“The effort that goes in to the organising of the parade in both Philadelphia and New York is absolutely incredible, and its probably difficult to appreciate just how much it means to the Irish in America, and to everyone in America who consider themselves Irish of whatever generation, unless you are actually there to witness it.
“It is also difficult to appreciate just how much it means to them to have the native Irish present for the day. The genuine warmth of the welcome that we received in Philadelphia and New York was incredible and the pride that is taken in putting the whole event together is so evident and they want Irish people there to witness that and to be part of that.
“With that in mind I have to point out that there was very clear disappointment at the representation from Donegal this year, and in particular there was genuine disappointment and even anger that Donegal county Council had no representative.
“In Philadelphia I was the only Donegal councillor present in New York there was just the Mayor of Bundoran Michael McMahon and I, the disappointment was particularly evident in New York, where I was told loud and clear by the Donegal Association that the County Council should have been there.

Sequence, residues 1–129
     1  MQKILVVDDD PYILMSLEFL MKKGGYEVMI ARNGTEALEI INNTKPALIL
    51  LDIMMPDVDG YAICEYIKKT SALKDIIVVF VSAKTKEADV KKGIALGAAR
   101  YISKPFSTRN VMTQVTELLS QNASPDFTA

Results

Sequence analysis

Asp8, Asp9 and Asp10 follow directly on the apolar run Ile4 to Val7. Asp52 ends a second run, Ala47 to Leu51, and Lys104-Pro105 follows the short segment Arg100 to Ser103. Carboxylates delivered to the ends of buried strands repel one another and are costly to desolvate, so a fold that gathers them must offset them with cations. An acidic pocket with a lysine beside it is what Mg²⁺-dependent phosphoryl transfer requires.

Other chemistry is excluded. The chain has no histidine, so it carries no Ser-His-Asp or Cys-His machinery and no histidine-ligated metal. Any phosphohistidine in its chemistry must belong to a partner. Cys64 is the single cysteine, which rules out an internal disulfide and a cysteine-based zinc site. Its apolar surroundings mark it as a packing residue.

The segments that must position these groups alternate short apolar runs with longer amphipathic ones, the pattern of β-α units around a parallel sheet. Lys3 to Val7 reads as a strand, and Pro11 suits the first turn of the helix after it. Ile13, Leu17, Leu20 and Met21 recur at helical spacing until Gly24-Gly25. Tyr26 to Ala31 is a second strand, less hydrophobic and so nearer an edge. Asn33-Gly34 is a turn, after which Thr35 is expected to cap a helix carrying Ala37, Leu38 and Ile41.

“I am not a member of Donegal County council and it is therefore none of my business, but I am simply delivering a message, and it would be wrong if I didn’t do so, the view on this is very different in America than it is here, we might talk about not being able to afford to send delegations in the current economic climate, that is dismissed out of hand by the organisers who argue that it is now that we should be sending people, and it is now that we should be out there trying to galvanise the support of the Irish-American community.